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For the 2013 model year, the Sequoia carries over its utilitarian look, but there are a few minor changes that make the Sequoia more desirable. The largest change for the 2013 model year is the elimination of the standard 4.6-liter V-8 engine, leaving the 381-horsepower, 5.7-liter V-8 engine as the only one available. This engine combines with a six-speed transmission and the SUV’s strong frame to allow it to tow up to a maximum of 7,400 pounds. The Sequoia’s large V-8 engine has a negative impact on fuel economy, as it gets 13 mpg city and 18 mpg highway in its two-wheel-drive format, and 13 mpg city and 17 mpg highway with four-wheel drive. Also added in for the 2013 model is Toyota’s first rear-seat Blu-Ray entertainment system, Entune multimedia system and a blind spot monitor.
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The 2013 Sequoia comes in three trim levels: SR5, Limited and Platinum. The SR5 trim level acts as a base level for the full-size SUV, but it is touted as the best-equipped entry-level SUV in its class. The Limited trim level builds upon the SR5’s class-leading standard features with things like leather interior and an upgraded stereo. The Platinum package takes the Sequoia to a level that makes it competitive with some of the most luxurious SUVs on the market.
With gas prices on the rise, the full-size SUV market is starting to dry up, but there is still plenty of competition for the 2013 Sequoia. Leading the charge against the Sequoia is fellow Japanese automaker, Nissan, and its Armada, which has a 5.6-liter V-8 with 317 horsepower, cloth seating for eight, an 8,200-pound towing capacity and a $40,710 base MSRP. Next up is the 2013 Infiniti JX35, which has a 265-horsepower, 3.5-liter V-6 engine, a 3,500-pound towing capacity, seven-person cloth seating and a $41,150 base MSRP. The 2013 GMC Yukon is yet another competitor and it features a 320-horsepower, 5.3-liter V-8 engine, an 8,500-pound towing capacity, cloth seating for eight people and a $40,435 base price.
The full-size SUV market has dwindled down to only a few stragglers and several are more glorified minivans than SUVs, but that simply offers buyers a wide array of styles and features to select from. Toyota needs to keep pace with its competition if it hopes to keep its aging body-on-frame SUV alive and well.
The Limited trim level takes the standard features from the SR5 and adds a few extra pieces of equipment. On the outside, the Limited adds in: chrome side-view mirrors with integrated turn signals, chrome door handles, 20-inch alloy rims with P275/55R20 tires, and power rear hatch. Inside the cabin, the Limited adds in: 14-speaker JBL audio system with a six-disc CD changer, USB port, iPod connectivity, auxiliary audio jack and Bluetooth connectivity, leather seating, 10-way power driver seat and four-way power passenger seat, heated front seats, steering-wheel-mounted climate control interface, Optitron instrument cluster, rear window shades, auto-dimming mirror with back-up camera display, and HomeLink.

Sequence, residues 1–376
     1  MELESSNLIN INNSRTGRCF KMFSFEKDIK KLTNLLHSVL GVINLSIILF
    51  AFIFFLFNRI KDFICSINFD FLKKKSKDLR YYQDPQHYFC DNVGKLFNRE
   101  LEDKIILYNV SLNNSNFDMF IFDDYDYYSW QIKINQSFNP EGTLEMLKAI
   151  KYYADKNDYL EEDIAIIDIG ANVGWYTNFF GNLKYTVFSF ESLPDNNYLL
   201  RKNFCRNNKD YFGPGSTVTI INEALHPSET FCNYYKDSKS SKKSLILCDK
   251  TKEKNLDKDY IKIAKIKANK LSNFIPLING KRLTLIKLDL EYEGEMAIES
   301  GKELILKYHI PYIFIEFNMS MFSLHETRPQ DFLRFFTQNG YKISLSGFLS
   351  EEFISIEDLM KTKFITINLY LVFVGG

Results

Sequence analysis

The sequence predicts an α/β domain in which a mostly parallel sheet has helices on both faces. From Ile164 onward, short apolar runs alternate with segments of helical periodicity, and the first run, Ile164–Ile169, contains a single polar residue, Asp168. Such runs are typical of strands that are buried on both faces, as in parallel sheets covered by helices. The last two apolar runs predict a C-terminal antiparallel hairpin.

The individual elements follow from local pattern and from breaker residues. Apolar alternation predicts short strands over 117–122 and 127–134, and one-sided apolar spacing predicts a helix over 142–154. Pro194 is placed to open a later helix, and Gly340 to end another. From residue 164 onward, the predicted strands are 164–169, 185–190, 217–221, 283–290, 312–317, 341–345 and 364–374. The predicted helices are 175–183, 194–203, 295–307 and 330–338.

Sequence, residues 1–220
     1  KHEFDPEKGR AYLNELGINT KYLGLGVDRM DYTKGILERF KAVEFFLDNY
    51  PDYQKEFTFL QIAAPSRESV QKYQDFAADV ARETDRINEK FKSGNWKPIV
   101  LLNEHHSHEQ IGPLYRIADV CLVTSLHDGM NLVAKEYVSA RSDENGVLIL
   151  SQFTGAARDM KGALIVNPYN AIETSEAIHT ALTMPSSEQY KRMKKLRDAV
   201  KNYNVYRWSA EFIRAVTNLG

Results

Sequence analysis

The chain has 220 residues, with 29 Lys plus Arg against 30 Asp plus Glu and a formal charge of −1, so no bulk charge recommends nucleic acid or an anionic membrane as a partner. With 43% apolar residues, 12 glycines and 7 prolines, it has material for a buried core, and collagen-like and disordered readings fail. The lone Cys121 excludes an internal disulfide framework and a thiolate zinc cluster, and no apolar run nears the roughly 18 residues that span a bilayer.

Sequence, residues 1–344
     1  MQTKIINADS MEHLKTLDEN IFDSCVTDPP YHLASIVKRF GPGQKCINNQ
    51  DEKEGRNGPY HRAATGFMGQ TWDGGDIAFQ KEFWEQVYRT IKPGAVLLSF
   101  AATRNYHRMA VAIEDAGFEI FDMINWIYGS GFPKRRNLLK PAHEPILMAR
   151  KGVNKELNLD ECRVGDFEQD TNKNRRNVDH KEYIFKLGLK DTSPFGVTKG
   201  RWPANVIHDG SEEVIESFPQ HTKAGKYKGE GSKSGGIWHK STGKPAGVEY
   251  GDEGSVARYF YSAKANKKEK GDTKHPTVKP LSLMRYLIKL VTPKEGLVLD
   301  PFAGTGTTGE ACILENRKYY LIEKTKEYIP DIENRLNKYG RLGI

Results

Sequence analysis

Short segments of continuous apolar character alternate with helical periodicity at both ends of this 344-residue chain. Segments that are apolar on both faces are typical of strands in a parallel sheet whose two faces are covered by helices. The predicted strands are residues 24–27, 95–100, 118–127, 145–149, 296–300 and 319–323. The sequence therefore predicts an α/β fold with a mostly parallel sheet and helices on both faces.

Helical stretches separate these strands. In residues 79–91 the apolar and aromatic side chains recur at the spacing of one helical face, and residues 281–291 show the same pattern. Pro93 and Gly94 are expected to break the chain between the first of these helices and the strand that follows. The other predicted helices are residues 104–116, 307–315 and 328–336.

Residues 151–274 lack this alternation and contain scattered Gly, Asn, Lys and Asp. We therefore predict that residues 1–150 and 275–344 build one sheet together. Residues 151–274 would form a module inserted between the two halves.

The Platinum trim level is the premium trim level for the 2013 Sequoia and has a base MSRP of $59,345. It carries over many of the Limited’s standard features, but ads in luxury items that premium-SUV buyers would expect. On the outside, the Platinum package adds in: memory and puddle lights to the side-view mirrors, and 20-inch diamond-cut alloy wheels. Inside the cabin, the Platinum trim adds: 14-speaker JBL stereo system with hard-drive-based navigation, 7-inch touchscreen and Entune, rear-seat Blu-Ray player and 9-inch display, perforated leather seats, 12-way driver seat, seven-person seating, and wood-grain steering wheel accents.
The SR5 trim level for the 2013 Sequoia acts as the base level, but it comes rather well equipped. On the outside, the SR5 trim level includes: automatic halogen headlights with cleaners, daytime running lights, fog lamps, chrome grille surround, heated power side-view mirrors, power moonroof, 18-inch alloy wheels wrapped in P275/65R18 tires, windshield wiper deicers, rear tinted glass, rear spoiler with integrated LED third brake light, roof rack, running boards, and mud flaps. Inside the SR5 Sequoia, it comes standard with: trio-zone auto air conditioning, eight-speaker sound system with AM/FM/CD.MP3 capabilities, USB input and Bluetooth connectivity, multi-information display, compass, outside temperature gauge, eight way power driver seat, eight-person capacity, cruise control, leather-wrapped steering wheel with audio and Bluetooth controls, keyless entry, power windows and door locks, three 12-volt auxiliary power plugs, and quartz clock.
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|Build & Price|
2011 Toyota Sequoia$44,492 | 44,517 mi
2011 Toyota Sequoia$47,991 | 45,625 mi
2010 Toyota Sequoia$36,963 | 79,736 mi
2006 Toyota Sequoia$21,500 | 82,409 mi
2005 Toyota Sequoia$11,900 | 206,298 mi
2005 Toyota Sequoia$13,993 | 162,557 mi
2004 Toyota Sequoia$13,500 | 133,251 mi
2004 Toyota Sequoia$13,991 | 123,332 mi
2004 Toyota Sequoia$13,999 | no mileage
2004 Toyota Sequoia$15,995 | 103,735 mi
2003 Toyota Sequoia$9,995 | 208,779 mi
2003 Toyota Sequoia$11,788 | 108,783 mi
2003 Toyota Sequoia$13,988 | 94,532 mi
2001 Toyota Sequoia$10,988 | 159,197 mi
Massive towing capacity, great price and plenty of seats, but comes up very short on horsepower.
Car-like ride, great fuel economy and stylish exterior, but has a grossly underpowered V-6 engine and low towing.
More acceptable fuel economy, plenty of seating, and tows with the best, but its 5.3-liter V-8 engine is underpowered.
Impressive styling, excellent fuel economy and plenty of seats, but comes up very short in horsepower and towing.